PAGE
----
Contrast this with most of the people who come to me for the first time having lost their health. If they are busy and accomplished and are trying to wear their cape but are telling themselves that time spent improving health takes away time from their work in the cape, then they will ignore their exercise, eat in unhealthy ways, and maybe even succumb to substance abuse. In this case, one of the first things I must do as a physician, is to help them see that they will be less effective in the cape if they do not take time to exercise and eat properly.
If they are trying to become healthy but are not putting on a cape every morning, then it's like they are like Sir Lancelot. They are trying to become fit and energized, but lacking a King (or cause) worthy of their sword, they just hang out by the bridge and sort of waste energy, wallow in melancholy, and challenge people to an occasional fight, and lose their motivation for health. They are lacking a cape.
When I worked in the emergency room, I made time to exercise because I thought the extra stamina helped me keep a clear and calm head when it was 2 a.m. and someone was bleeding and gasping to hold onto life in the bed before me. In the same way that Bobby Fisher would lift weights to give himself a mental edge in Chess, somehow, staying very fit seemed to give me a calming mental edge when in the heat of the emotional and intellectual battle of quickly diagnosing and treating someone during long days on my feet.
I do not, however, think that you must be in the national news or saving lives to put on the cape. To know more about how to find your cape in the morning, read the following book review that I wrote for Amazon:
About 29 years ago, as a teenager, while roaming the Birmingham Public Library, I picked up a worn copy of Victor Frankl's book about man's search for meaning. I vividly remember where I was standing, think I could almost go to the spot on the shelf where I found the book; I think the memory lives clearly because as I scanned through the book, I became haunted with the images that came from its pages and moved by the strength of which it testified. I sat down, read more, took the book home, and never forgot the lesson.
When I worked as a janitor in high school at a local gym, I tried to find meaning by framing my work as helping provide a wholesome environment for children. When I worked as a cook at Hardee's, I was helping keep families together by providing a convenient and affordable place to escape and relax. When I worked alone as a chemist on army contracts, I was helping preserve freedom. When I worked as an ER physician, the value of saving lives was plain but then the challenge was to find meaning in the suffering around me.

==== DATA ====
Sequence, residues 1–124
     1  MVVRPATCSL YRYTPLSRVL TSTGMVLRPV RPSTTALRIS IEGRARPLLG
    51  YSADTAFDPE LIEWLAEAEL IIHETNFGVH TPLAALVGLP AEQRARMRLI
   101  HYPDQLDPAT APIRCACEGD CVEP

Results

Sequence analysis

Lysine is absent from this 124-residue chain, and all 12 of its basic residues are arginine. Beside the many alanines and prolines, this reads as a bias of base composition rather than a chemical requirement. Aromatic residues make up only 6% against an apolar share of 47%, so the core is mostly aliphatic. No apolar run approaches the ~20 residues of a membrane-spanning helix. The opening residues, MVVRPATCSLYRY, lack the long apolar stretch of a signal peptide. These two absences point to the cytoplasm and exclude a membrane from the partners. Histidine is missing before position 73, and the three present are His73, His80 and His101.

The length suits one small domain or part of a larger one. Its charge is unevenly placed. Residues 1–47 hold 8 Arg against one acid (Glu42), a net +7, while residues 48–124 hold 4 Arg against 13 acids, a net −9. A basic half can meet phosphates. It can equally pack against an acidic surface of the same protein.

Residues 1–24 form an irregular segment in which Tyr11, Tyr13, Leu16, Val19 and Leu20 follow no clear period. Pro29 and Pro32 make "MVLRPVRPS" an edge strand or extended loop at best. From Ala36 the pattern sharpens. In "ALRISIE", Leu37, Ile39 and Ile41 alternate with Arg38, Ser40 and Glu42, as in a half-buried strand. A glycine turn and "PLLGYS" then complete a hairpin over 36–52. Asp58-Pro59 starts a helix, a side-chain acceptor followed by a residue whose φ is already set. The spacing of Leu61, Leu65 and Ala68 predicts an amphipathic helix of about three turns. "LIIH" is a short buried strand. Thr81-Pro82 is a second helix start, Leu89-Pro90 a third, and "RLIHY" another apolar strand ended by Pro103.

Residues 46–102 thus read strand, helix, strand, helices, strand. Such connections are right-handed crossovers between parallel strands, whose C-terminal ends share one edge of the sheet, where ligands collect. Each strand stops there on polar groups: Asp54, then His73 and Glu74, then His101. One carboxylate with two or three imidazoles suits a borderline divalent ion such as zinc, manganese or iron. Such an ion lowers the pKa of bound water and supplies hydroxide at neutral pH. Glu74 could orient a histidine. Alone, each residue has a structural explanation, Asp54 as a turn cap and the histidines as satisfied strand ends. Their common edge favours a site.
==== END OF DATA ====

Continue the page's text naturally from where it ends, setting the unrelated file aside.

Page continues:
These examples (from my work life) show what I strove for; but the practical, every-day accomplishment of finding meaning in the pain, drudgery, and short-term injustice that swirls around me and everyone I know has not always been a task at which I've been successful. Sometimes, I left the gym nasty and tired and just angry at how inconsiderate people can be. Sometimes I left the ER angry and confused that innocent people came to me in pain and disease at no fault of their own: how do you hold responsible a child molested, a young mother killed by a drunk driver, the crying child with sickle cell disease, the gasping child with cystic fibrosis?
You don't hold them responsible. And as you wade through the pain of the ER working with nurses and technicians with their own problems, sometimes it feels as if the world is thick with pain and thin with meaning.
In looking for meaning in suffering, I've found some help in Boethius' book "Consolation of Philosophy," in William James' "Pragmatism," in Oswald Chambers' "The Christian Disciplines," in the scriptures of the Holy Bible and the Bagavad Gita as well as in Frankl's writings. This book by Dr. Pattakos belongs on the shelf with those books as a classic about how to find meaning instead of power or pleasure and then uncover joy in meaning.
I write this reverently with the awareness that I'm immature in these matters--I've looked into the face of a quadraplegic man, bed bound for over 20 years, and heard him talk eloquently about how his accident was good fortune because it brought him closer to GOD; I don't know if I could do that. I've had to tell the mother that her child didn't live and watched her accept the news with strength and peace. I've seen this and more and so know that some do find meaning in situations heavy with pain. This is the skill that this book teaches: the skill of finding peace and meaning and the resultant deep joy.